Toxic algae alerts for Hutt and Ruamāhanga Rivers

  • Published Date 28 Jan 2015

Toxic algae warnings have been put in place on parts of the Hutt and Ruamāhanga Rivers.

Red alert toxic algae warnings are in place for the Hutt River at Poets Park, Silverstream and Boulcott.  Large amounts of detached cyanobacteria mats have been recorded at monitoring sites in these areas meaning that it is unsafe for swimming.  Dogs should be kept away from these parts of the river.

The Ruamāhanga River at Te Ore Ore has large amounts of detached cyanobacteria mats accumulating on the river's edge making this site unsafe for swimming and unleashed dogs.  At Kokotau the cover of toxic algae in the river is above the 20% amber alert threshold meaning that while it's still safe to use the river, people should avoid touching the algae and keep their dog on a lead.

Warnings are also in place for Henley Lake in Masterton and Whitby Lake in Porirua.

Hutt and Upper Hutt City Councils and Masterton and Carterton District Councils are posting toxic algae information signs at key access points along these rivers and the latest information on coast and river water quality is on

Hot, dry conditions over the last few weeks mean that river conditions are ideal for the growth of algae including cyanobacteria.  The brown or black toxic algae are visible as mats on the river beds. These can wash off and build up on the river's edge. If ingested the algae can kill livestock and dogs and contact can cause vomiting, diarrhoea and skin irritations in humans.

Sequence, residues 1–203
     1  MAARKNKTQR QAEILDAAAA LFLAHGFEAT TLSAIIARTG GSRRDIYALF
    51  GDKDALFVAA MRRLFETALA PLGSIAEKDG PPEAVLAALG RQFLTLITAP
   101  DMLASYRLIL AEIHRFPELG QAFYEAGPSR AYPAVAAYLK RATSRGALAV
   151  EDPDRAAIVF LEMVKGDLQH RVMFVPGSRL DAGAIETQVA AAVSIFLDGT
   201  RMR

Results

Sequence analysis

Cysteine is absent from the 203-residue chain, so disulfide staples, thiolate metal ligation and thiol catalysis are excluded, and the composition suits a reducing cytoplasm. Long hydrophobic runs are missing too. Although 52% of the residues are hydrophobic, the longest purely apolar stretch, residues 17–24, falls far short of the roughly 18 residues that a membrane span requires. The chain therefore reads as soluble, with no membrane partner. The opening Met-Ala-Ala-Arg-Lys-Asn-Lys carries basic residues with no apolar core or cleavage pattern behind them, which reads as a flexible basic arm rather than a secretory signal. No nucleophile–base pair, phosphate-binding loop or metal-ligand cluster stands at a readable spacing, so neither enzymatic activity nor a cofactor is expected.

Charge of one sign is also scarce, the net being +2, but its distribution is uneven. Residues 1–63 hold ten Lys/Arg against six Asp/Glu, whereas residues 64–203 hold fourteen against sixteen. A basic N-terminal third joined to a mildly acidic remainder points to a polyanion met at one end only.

Some dogs have a tendency to eat the algae so dog owners are warned to keep their dogs on the lead when near rivers.

"River conditions can change rapidly and as we only monitor at certain points it is possible there are blooms occurring at other locations. River users are advised to scan for toxic algae before going in the water or letting dogs off their leads," says Regional Council Senior Environmental Scientist Summer Greenfield.

Monitoring of Wellington waterways and coastal areas is carried out by Greater Wellington Regional Council, local authorities and Regional Public Health on a weekly basis over the summer months. Results of the monitoring and other information is posted

Updated April 29, 2022 at 11:40 AM

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